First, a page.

Mass spectrometry quantifies protein interactions--from molecular chaperones to membrane porins.
Hopper JTS., Robinson CV.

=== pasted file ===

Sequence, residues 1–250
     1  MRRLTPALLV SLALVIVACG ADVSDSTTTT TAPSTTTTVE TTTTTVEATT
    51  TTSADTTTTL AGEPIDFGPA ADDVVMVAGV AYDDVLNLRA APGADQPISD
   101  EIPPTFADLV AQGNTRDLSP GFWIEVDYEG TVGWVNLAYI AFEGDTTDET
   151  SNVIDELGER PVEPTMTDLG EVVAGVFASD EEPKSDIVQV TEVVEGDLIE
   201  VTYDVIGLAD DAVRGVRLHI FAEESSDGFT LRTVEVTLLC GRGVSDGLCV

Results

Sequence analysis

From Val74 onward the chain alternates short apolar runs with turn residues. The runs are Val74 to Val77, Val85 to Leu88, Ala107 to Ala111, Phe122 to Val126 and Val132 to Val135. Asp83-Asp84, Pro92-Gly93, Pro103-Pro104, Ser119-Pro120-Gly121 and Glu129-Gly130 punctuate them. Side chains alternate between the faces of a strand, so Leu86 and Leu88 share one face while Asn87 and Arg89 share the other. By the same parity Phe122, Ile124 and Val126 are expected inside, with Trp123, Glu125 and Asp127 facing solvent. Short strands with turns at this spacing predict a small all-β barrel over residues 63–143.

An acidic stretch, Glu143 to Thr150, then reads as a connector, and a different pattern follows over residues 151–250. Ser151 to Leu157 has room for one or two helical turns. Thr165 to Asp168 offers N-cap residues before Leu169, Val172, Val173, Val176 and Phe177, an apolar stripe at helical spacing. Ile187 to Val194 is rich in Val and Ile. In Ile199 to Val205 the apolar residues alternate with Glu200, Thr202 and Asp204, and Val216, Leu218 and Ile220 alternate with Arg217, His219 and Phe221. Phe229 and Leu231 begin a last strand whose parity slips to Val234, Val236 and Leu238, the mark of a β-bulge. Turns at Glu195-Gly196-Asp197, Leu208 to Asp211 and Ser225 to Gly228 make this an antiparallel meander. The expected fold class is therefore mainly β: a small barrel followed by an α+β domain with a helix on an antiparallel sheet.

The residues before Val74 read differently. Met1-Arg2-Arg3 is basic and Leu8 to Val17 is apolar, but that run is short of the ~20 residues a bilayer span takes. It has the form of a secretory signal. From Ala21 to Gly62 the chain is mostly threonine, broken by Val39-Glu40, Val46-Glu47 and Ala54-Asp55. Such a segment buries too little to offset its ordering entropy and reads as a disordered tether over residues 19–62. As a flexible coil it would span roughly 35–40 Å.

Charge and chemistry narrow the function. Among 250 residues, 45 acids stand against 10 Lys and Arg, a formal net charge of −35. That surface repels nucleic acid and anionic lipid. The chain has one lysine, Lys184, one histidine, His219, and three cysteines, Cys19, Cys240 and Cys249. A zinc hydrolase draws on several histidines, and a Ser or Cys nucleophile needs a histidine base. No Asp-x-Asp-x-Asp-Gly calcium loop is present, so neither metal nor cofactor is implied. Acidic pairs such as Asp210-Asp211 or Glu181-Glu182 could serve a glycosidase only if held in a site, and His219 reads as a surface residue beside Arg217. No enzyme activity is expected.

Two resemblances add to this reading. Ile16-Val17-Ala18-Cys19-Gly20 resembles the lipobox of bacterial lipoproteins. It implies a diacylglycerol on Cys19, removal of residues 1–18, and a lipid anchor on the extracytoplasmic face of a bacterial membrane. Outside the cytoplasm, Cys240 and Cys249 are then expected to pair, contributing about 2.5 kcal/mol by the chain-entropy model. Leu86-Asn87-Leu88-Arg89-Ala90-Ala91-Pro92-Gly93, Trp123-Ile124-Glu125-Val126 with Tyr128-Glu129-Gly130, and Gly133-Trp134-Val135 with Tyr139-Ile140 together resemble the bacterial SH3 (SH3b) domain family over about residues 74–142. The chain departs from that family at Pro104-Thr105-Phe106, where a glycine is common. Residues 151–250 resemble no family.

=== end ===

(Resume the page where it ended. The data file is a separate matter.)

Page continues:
Proteins possess an intimate relationship between their structure and function, with folded protein structures generating recognition motifs for the binding of ligands and other proteins. Mass spectrometry (MS) can provide information on a number of levels of protein structure, from the primary amino acid sequence to its three-dimensional fold and quaternary interactions. Given that MS is a gas-phase technique, with its foundations in analytical chemistry, it is perhaps counter-intuitive to use it to study the structure and non-covalent interactions of proteins that form in solution. Herein we show, however, that MS can go beyond simply preserving protein interactions in the gas phase by providing new insight into dynamic interaction networks, dissociation mechanisms, and the cooperativity of ligand binding. We consider potential pitfalls in data interpretation and place particular emphasis on recent studies that revealed quantitative information about dynamic protein interactions, in both soluble and membrane-embedded assemblies.